The next day, Gina picks us up as promised at three o’clock for coffee at their house. We go up a rough track to reach their house, a beautiful bungalow in a meticulously kept garden. Mudra the wolf, greets us. What a beautiful animal it is, moving in such a quiet and sinuous way!
We have some coffee and chat for a bit, then we push the table and chairs aside and put some Tango music on. For the next hour or so, we give Tango instruction and do a bit of dancing. Pepe and Gina have learnt Tango the Sicilian way and dancing with them, I feel a great teaching itch. People here have a great passion for Tango, but it seems that due to the teaching style, they spend much time with figures and other external elements of Tango without ever touching on the core elements that would make the dance so much more comfortable, musical and spontaneous. I haven’t found a way into teaching here – not that I have tried very hard… I don’t want to step onto other people’s toes.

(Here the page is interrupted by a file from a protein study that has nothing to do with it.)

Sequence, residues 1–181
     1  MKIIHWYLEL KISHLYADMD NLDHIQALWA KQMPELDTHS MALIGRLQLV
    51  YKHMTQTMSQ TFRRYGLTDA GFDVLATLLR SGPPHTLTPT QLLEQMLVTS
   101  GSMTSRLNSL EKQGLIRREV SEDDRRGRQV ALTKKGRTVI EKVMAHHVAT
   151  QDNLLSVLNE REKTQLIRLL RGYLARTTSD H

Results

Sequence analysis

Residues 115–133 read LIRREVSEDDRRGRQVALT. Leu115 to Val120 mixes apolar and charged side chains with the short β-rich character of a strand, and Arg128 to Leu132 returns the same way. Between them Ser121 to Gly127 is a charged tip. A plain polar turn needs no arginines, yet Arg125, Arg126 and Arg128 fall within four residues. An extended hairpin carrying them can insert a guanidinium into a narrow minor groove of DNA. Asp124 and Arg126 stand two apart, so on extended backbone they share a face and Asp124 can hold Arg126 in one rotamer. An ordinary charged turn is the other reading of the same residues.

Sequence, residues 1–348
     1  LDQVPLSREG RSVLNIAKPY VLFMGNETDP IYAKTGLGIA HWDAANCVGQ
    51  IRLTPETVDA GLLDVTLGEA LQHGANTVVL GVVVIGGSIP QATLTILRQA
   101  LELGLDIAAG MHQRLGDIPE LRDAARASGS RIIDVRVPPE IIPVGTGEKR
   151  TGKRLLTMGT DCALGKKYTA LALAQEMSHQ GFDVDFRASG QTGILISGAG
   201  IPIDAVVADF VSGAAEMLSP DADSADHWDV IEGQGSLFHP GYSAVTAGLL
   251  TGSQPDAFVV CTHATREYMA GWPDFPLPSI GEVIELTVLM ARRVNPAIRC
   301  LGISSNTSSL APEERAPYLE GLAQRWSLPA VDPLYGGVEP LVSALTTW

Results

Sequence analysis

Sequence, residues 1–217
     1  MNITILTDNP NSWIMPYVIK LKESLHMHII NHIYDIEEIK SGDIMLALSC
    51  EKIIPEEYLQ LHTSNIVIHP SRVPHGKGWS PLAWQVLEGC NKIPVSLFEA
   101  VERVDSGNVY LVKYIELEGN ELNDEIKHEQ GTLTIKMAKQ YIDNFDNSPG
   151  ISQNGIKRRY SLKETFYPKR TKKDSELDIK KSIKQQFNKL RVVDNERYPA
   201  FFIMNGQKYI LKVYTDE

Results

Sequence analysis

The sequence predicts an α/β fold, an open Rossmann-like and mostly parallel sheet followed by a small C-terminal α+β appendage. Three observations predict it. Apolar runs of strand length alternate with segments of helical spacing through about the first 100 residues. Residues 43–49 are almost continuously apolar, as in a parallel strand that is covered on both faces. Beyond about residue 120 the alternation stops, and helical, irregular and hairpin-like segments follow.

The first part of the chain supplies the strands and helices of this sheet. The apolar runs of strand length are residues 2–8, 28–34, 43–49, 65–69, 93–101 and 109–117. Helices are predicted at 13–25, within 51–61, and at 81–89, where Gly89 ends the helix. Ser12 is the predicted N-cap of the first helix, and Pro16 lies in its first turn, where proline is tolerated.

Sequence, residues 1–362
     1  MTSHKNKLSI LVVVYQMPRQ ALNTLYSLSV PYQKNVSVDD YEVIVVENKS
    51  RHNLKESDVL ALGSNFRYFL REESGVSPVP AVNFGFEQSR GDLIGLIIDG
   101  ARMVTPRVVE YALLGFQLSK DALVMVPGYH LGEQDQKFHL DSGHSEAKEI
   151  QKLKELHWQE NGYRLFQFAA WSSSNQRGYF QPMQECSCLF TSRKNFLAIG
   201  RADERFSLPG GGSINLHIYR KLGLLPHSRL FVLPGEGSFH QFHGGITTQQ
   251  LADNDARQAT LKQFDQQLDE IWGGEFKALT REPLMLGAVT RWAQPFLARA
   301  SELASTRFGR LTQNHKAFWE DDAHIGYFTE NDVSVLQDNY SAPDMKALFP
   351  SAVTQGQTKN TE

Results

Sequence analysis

After Tango, Gina suggests they take us into the city centre. We are a bit reticent – the city looked very rough and not at all inviting from the outside. But we go along and are very surprised to find a beautiful, vibrant city centre; roads lined with trees, beautiful vistas all the way down to the sea, cobble stones, old buildings and many charming nooks and crannies. As we stroll through town, while Frank is hunting for post cards Gina tells me of her inner confusion and shares some mother’s stories. She and her husband are hardworking people who love their jobs, both working in the medical profession. They have raised two wonderful children who have everything going for them but who, in their late twenties, don’t seem to know what they want to do. Her children’s state of limbo is somehow holding up a mirror to herself and she is exploring what she wants to change in her life, reflecting how she has given 100% of herself to everyone around her, poured out her love for years, and it’s frightening her to see that maybe it’s not always wanted, let alone needed, by the people she loves.